"Eventually, for this Bill to become law, it needs to be voted on by Parliament," Genter said.
"I anticipate they will only do so when we have carefully balanced these rights with peoples' right to be safe on the road and protected from people who choose to drive while impaired."
It's not the first time such a Bill has been attempted - the Land Transport (Random Oral Fluid Testing) Amendment Bill was introduced by National's Alastair Scott, MP for Wairarapa, in 2018, but was voted down in the house and failed at first reading.
At the latest Bill's first reading, political parties blamed each other for not introducing a testing regime sooner - but universally supported the latest iteration.
NICK SMITH: 'IT IS A MESS'
Nelson MP and National's drug reform spokesperson Nick Smith, who has pushed for roadside drug testing, pointed out that "if recreational cannabis is legalised, it is even more important that we have an effective system for deterring drugged driving.
"This Attorney-General's report on the drug driving bill confirms it is a mess," Smith said.
"The chair of the Government’s expert panel advised the Government in July it was not ready for introduction.
"It is also poor process that key elements of the bill like the specific thresholds of drug levels for offences have not been specified.
"The drink driving regime totally depends on the much debated-breath and blood alcohol limits.
"It was rushed into Parliament for political reasons and they had not properly done their homework."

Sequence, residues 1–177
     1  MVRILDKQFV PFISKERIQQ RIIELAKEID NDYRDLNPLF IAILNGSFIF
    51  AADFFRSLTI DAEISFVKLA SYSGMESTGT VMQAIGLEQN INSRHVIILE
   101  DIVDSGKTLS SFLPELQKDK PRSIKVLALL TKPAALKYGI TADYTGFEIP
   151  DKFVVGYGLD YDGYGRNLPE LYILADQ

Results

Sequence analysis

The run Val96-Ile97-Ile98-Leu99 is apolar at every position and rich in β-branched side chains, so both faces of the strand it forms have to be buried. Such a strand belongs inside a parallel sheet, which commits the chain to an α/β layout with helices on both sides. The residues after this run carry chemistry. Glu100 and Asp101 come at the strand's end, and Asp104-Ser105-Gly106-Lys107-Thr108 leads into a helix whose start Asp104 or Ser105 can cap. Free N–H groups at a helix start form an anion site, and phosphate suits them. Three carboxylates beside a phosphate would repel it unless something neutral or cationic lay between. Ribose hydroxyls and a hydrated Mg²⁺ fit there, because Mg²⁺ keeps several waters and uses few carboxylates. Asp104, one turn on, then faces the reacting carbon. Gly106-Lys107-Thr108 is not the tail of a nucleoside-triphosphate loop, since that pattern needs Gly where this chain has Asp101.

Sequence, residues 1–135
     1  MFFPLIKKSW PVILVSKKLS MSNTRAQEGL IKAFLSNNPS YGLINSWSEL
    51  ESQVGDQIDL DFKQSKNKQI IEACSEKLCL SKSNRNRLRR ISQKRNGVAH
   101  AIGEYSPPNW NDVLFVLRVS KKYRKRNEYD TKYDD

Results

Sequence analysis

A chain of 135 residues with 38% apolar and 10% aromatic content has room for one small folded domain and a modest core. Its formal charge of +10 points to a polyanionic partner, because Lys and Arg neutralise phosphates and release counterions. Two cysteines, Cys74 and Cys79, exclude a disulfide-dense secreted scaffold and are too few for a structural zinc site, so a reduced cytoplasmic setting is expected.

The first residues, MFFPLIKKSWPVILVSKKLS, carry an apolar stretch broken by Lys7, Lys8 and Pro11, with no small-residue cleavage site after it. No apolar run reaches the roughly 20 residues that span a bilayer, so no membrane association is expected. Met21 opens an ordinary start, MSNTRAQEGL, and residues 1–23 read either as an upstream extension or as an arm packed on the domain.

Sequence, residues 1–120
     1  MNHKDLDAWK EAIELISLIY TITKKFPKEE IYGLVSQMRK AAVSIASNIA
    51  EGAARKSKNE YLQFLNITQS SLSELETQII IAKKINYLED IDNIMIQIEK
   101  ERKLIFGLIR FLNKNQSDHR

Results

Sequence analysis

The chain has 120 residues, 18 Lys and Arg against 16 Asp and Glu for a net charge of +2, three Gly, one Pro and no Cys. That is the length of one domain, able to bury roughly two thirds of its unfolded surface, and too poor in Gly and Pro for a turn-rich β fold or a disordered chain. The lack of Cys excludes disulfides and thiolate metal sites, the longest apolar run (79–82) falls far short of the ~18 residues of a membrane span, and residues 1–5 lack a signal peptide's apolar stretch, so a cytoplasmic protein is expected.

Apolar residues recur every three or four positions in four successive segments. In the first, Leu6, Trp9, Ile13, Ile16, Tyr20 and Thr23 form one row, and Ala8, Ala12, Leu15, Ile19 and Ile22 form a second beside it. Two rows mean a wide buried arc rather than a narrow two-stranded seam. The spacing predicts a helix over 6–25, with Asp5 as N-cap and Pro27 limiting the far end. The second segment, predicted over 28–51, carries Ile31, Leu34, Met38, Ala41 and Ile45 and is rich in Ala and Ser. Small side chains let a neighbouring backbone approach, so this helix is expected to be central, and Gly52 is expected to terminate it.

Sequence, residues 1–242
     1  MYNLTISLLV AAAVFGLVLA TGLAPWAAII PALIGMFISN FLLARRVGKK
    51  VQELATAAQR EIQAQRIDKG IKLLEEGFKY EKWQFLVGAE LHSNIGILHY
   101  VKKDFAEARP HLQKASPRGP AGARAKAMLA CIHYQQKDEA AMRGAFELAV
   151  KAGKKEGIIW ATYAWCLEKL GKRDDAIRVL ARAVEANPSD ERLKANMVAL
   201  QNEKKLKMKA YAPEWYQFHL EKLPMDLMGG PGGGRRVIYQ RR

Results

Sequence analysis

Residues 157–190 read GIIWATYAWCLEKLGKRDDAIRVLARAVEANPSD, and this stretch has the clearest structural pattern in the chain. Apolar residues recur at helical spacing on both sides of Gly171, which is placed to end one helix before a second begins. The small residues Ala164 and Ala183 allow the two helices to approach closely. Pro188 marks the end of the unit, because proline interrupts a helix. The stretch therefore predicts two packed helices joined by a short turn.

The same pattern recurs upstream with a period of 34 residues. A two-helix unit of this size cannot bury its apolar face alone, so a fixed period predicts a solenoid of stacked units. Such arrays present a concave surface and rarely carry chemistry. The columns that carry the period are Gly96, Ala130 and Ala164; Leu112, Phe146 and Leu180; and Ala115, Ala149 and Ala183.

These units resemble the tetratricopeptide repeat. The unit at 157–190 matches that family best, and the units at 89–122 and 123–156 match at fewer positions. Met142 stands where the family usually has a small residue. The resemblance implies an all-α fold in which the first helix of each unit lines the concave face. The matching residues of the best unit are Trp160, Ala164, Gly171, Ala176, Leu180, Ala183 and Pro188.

Smith said he and the National Party did not accept that asking a driver for saliva during a traffic stop was an excessive infringement on their rights.
"National faced the same argument in the 1990s over the introduction of random breath alcohol testing which was also said to breach the Bill of Rights.
"The random roadside alcohol testing halved the fatalities from drunk driving within three years and we believe drug testing has the same potential."
On introducing thresholds for prosecution or detection into the Bill, Smith said he'd be happy for the government take a more cautious approach to the limits.
"I have heard lots of arguments from drug users that they are fine to drive despite having used drugs - we heard the same arguments over alcohol," Smith said.
"While it is true that the level of impairment can vary between different people, impairment is too difficult to measure - the alcohol limits for breath and blood levels take a precautionary approach and we should do the same with drugs."
"I do not accept these issues are so difficult that we cannot introduce random roadside drug testing.
"Australia and the UK have done so - we would take a similar approach."
AUSTRALIAN AND UK APPROACH
Roadside drug testing was first introduced in Australia in 2004 in Victoria, but the devices used by police to take samples have been criticised for their accuracy.
The Victorian approach is zero tolerance - if any kind of illicit drug can be detected at all in a driver's saliva, regardless of concentration, it's an offence.
In the UK, roadside drug testing was introduced in 2015, and includes eight illicit drugs and also eight legally prescribed drugs which can be tested for.
However, the UK system has set levels of the legal substances which must be tested for, while even "trace" amounts of illicit drugs being detected constitute a criminal offence.
The Land Transport (Drug Driving) Amendment Bill is currently open for public consultation.